9 Iron Ninja Review

9 Iron Ninja Review

Nov 30, 2012

9-Iron Ninja is an interesting title. The core concept is something that has the potential for real fun, but it feels like it wasn’t completely executed.

The best way to describe the game in relation to existing titles would be Super Stickman Golf Blitz. That is, this is a 2D golf game, like an Artillery game but with golf balls raining from the sky instead of death and destruction. But instead of playing on set courses of different holes, 9 Iron Ninja tkaes players through the game one hole at a time. Players get 6 strokes per level in which to sink the ball. If they don’t, it’s game over. Getting the ball in sooner nets more points, and high scores are definitely the goal here.

The game is free and ad-supported, with stars that can be earned for unlocking new disguises and trophies. The stars that are earned for doing well on a hole are built around a currency system that can be used to unlock new colors and costumes for the ninja, along with trophies. The developer claims that the game is built around being a zen-like experience, and to that end, it is very easy to sink loads of time in to the game, as the experience tends to seamlessly blend one hole into another, even after a game over, which still allows the player to finish their current hole.

But there lies the problem: 9 Iron Ninja seems to lack any kind of punch. The holes can wildly vary in difficulty and they still have the same 6-shot limit, which means that there’s no balancing, and it means that a long session may be a case of just getting the luck of the draw with easy holes. The experience just winds up being a random wandering, rather than anything that drives the player to keep going, keep coming back to the game. The game also desperately needs high-resolution graphics; it looks very blurry on the Nexus 7 and Galaxy S III.

9 Iron Ninja feels a lot like the prototype to a “blitz”-style 2D golf game that I could see being realized at some point in the future. Perhaps someday soon, this will actually be realized, but until then, to get a glimpse of a possible future, download 9 Iron Ninja, but realize that it’s not fully-formed quite yet.

Scorched Monster Review

Scorched Monster Review

May 3, 2012

Scorched Monster brings together the kind of arena survival popularized in the modern era by Super Crate Box (and iterated by Muffin Knight on Android) and one of the original games in the genre: the original Mario Bros. from Nintendo. Players control a flamethrower-wielding man, who must go around and scorch monsters, presumably because they are monsters. Hopefully our protagonist understands what Nietzche once said about monsters. The goal of the game is to try and achieve the goal score on each level, rack up high scores, and increase rank with successful playthroughs until the rank of “Scorch Master” is achieved.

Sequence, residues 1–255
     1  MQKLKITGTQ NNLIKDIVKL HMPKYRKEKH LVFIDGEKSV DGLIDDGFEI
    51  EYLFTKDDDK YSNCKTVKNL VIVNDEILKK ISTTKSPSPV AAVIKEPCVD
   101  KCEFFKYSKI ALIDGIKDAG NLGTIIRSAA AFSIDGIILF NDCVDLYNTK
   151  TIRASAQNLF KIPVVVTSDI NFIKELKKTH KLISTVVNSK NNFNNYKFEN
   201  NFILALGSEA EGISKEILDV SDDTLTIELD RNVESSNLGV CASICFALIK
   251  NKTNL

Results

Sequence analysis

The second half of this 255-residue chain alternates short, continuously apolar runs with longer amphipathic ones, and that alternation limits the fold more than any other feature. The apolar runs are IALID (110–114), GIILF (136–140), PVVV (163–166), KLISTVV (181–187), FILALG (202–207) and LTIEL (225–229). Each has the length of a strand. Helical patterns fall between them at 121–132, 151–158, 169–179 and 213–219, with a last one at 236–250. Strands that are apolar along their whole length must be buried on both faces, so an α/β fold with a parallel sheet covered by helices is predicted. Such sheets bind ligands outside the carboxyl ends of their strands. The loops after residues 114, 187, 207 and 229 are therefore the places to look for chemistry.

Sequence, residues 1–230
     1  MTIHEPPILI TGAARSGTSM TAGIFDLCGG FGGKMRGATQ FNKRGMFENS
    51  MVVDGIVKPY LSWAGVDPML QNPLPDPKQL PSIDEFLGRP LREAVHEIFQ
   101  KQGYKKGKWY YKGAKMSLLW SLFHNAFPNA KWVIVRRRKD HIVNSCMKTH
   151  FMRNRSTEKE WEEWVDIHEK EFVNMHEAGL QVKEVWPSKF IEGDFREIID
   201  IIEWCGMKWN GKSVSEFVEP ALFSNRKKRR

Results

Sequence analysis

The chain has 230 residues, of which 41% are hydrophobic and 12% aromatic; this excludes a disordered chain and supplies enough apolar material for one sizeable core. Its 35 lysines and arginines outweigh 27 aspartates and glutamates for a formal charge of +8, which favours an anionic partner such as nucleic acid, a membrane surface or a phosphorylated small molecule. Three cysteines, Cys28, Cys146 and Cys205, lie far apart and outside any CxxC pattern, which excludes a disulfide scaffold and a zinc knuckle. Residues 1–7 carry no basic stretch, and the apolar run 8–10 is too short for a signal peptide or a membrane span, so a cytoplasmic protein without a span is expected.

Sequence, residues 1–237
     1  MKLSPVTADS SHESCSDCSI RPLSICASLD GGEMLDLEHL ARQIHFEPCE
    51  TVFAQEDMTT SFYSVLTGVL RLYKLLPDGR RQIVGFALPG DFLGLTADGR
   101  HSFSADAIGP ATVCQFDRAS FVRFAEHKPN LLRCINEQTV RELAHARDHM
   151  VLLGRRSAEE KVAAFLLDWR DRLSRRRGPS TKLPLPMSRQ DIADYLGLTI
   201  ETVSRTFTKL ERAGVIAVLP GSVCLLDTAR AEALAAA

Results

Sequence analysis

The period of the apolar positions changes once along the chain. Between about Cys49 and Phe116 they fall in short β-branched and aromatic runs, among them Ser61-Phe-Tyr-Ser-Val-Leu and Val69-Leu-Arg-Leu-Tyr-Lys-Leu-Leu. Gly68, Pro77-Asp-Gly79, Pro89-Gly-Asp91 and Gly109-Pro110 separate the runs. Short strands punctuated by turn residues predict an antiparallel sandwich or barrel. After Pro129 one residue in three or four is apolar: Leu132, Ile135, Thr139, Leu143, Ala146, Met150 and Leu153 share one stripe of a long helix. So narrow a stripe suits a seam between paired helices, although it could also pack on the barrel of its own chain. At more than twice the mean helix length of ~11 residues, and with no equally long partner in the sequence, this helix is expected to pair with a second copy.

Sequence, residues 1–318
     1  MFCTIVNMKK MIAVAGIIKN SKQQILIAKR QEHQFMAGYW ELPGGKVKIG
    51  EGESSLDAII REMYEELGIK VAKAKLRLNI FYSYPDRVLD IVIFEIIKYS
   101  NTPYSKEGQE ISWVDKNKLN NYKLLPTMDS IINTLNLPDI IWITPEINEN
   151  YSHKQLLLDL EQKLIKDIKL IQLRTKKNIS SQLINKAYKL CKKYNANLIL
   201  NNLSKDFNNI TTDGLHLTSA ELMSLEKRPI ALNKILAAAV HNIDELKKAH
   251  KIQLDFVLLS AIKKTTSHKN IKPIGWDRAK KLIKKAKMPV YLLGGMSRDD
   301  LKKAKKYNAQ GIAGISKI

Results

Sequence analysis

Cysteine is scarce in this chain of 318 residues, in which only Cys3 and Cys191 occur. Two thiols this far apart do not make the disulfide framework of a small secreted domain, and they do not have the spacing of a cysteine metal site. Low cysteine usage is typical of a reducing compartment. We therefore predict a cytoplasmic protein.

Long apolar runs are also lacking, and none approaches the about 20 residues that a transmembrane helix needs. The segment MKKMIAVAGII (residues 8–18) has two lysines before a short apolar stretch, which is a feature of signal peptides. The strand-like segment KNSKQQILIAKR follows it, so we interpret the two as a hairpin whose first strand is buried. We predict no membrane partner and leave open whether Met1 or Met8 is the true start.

It’s actually difficult, if not outright impossible, to be hurt by the enemies themselves, which makes killing them easy, just come in close proximity to them to activate the flamethrower and kill them. It’s something that has to be learned, as my automatic reaction to enemies at first was “I should probably not touch them”, though until I tested whether this was true or not, I avoided bopping enemies on the head. Thankfully, they just get scorched immediately.

The pixel art looks great. The game is colorful and the pixels are crisp – the game is definitely a looker for fans of the retro art style. The game uses virtual controls, but they’re very accurate, I had no issues with them at all. The left and right arrows are spaced well enough apart to where I never had any accidental inputs.

Scorched Monster is set up great for both short sessions and long-term play. Levels take 45 seconds each (though additional time powerups can be collected), and then each level’s score goes toward a total 10 level score. Games can be picked up and resumed at any point. Then, there’s the long-term play, as the goal score in each level increases, because only true Scorch Masters should be given that rank.